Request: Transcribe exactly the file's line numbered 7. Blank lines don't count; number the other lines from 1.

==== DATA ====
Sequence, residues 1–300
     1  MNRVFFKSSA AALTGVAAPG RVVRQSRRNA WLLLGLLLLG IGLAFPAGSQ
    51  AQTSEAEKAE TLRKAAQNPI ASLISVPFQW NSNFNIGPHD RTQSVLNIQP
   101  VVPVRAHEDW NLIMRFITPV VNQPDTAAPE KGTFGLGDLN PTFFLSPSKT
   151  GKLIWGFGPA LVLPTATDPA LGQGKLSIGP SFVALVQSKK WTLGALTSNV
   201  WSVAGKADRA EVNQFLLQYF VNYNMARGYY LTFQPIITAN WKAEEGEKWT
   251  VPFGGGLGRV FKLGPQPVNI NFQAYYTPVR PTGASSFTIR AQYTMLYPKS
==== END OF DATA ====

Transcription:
   251  VPFGGGLGRV FKLGPQPVNI NFQAYYTPVR PTGASSFTIR AQYTMLYPKS